The Next Generation Science Standards (NGSS) became available in April. As of this writing eight states have formally adopted the new standards, including California, and fifteen states have initiated formal steps to consider adoption.
The NGSS place geosciences on an equal priority with life and physical sciences, and are built on three foundations: 1) the core ideas within a scientific discipline, 2) the practices of science and engineering, and 3) the cross-cutting themes in science. This represents a vision of science instruction which has been a goal of science education for decades, but which has not been widely achieved. Many of the critical stakeholders and education leaders who took part in the standards development are from Colorado, though Colorado was not one of the 26 Lead States.
On September 6, CIRES and the Colorado Science Education Network (CSEN) brought education leaders to the University of Colorado, Boulder, to discuss the options for Colorado and to identify interests and needs for educators within Colorado. The 115 meeting attendees, comprised of district personnel, teachers, informal educators, university faculty, professional development and curriculum providers, librarians and education researchers, worked with performance expectations and listened to presentations from Rodger Bybee (Writing Team Lead), Harold Pratt (former president National Science Teachers Association), Jeffrey Miller (Denver Public Schools) and Joanna Bruno (Colorado Department of Education). See below for links to the presentations and videos.
Joanna Bruno from the Colorado Department of Education (CDE) shared the results of a study of the NGSS relative to the Colorado Academic Standards, and sought feedback on a range of possible options for Colorado, ranging from no adoption of NGSS to full adoption. The CDE seeks public input on the CDE NGSS website (http://www.cde.state.co.us/coscience/colorado_and_the_ngss).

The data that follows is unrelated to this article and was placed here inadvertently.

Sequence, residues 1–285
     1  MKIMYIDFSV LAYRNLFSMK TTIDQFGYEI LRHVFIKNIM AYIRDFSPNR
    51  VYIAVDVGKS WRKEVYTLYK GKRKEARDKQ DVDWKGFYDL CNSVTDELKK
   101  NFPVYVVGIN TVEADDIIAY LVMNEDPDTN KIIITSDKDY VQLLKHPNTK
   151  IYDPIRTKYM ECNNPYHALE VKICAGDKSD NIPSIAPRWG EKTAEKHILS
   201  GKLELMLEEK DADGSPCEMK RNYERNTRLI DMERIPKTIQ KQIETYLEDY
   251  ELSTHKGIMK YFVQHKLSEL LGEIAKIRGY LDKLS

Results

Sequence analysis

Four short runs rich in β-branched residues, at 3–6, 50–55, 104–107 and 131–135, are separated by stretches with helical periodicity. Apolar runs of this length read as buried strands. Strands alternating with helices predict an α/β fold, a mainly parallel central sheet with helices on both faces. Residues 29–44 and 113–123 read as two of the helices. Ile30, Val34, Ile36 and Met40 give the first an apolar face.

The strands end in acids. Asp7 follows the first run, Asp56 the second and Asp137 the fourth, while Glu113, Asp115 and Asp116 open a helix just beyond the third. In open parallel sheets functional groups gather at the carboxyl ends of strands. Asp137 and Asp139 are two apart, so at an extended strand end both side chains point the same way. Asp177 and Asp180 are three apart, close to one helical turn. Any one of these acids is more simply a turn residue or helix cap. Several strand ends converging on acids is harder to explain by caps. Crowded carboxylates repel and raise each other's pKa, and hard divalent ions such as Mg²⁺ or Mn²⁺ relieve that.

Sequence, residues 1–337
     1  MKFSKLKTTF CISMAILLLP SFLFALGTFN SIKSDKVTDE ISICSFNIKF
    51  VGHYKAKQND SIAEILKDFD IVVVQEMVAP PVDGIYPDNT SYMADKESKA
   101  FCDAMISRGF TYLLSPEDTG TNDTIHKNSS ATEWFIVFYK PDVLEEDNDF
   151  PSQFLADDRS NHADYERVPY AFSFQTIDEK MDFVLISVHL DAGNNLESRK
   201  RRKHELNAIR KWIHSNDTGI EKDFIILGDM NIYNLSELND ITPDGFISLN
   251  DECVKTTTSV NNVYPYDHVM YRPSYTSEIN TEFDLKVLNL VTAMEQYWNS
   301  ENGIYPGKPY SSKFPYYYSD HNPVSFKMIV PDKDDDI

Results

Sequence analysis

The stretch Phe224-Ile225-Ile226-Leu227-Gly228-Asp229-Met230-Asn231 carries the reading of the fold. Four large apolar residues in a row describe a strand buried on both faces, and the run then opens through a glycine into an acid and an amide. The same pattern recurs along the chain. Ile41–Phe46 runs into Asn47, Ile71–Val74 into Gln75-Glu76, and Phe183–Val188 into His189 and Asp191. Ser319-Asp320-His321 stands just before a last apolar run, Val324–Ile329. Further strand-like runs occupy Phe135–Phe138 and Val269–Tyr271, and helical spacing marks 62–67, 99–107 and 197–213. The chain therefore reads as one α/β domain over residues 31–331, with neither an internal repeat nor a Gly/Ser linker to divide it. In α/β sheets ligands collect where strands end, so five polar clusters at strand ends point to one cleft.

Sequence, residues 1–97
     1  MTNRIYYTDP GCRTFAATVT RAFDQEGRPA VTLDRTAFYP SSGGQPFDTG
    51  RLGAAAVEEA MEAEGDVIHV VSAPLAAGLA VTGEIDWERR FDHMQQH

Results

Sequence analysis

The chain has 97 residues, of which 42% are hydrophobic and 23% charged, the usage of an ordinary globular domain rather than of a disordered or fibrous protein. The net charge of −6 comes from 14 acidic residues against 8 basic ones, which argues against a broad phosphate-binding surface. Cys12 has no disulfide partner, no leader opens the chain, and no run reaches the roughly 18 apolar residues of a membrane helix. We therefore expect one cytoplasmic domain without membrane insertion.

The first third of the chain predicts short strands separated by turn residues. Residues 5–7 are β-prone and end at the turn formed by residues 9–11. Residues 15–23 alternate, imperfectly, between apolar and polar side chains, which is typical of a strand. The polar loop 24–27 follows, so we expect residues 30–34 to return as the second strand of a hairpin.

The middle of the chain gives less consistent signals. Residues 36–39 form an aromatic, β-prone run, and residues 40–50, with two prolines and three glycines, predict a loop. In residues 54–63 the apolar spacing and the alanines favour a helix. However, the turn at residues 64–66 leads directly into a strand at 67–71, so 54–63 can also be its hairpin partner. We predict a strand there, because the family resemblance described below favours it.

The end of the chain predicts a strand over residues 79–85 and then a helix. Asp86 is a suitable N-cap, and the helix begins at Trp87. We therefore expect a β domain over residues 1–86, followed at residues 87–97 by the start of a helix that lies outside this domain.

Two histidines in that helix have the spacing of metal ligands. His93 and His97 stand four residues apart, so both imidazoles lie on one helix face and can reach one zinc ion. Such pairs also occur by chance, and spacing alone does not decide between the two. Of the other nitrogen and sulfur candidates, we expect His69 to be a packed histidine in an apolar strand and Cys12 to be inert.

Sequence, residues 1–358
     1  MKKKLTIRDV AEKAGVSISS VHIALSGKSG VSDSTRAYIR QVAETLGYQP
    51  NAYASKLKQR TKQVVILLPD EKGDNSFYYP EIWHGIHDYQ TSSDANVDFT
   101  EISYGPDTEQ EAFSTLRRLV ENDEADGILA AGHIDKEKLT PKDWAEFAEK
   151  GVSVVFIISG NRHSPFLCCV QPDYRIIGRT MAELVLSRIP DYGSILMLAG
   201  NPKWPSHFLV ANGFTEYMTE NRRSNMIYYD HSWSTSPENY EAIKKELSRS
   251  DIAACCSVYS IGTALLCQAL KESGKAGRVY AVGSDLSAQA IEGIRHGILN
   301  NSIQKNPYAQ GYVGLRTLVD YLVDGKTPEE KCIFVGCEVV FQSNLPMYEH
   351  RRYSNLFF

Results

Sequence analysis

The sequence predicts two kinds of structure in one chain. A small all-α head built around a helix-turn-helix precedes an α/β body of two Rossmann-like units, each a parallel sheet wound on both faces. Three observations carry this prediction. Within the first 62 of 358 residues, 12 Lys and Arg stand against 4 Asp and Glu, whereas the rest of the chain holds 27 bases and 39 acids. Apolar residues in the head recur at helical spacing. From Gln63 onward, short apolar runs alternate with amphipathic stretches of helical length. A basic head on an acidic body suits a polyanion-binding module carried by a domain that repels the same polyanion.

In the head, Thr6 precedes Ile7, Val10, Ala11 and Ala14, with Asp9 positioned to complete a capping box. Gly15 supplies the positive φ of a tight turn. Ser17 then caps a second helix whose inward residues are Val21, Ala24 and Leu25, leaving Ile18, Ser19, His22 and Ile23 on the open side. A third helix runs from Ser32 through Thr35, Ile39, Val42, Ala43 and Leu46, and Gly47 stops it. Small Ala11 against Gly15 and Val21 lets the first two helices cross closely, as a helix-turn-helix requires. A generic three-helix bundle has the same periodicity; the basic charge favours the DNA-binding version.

Because the NGSS represent a big conceptual shift in how we think about standards and instruction, the experts gave advice on how to proceed thoughtfully:
• Go slowly and reflect (Does not = Wait)
• Inspect the NGSS and the Framework for K12 Science Education
• Find partners
• Build the case
• Form a team
• Assess the current situation
• Start small
• Determine the learning goals, then develop the instruction
• Build on existing resources and educational research
• Think “bundled performance expectations”
• Think “instructional sequences, not lone activities”
The workshop PowerPoint slides and videos are available at the meeting website (http://cires.colorado.edu/education/outreach/workshops/NGSS/). To get connected to others in Colorado thinking about how to implement NGSS, I suggest joining the CSEN email list (http://coloradoscience.ning.com/). To learn more about NGSS see the NGSS website (http://www.nextgenscience.org/) , the Framework for K12 Science Education (http://www.nap.edu/catalog.php?record_id=13165#) and the National Science Teachers Association NGSS resource page (http://ngss.nsta.org/).
A lot of work remains to be done to meet the vision of NGSS. It will take all of us working together and in our own circles of influence to realize the potential.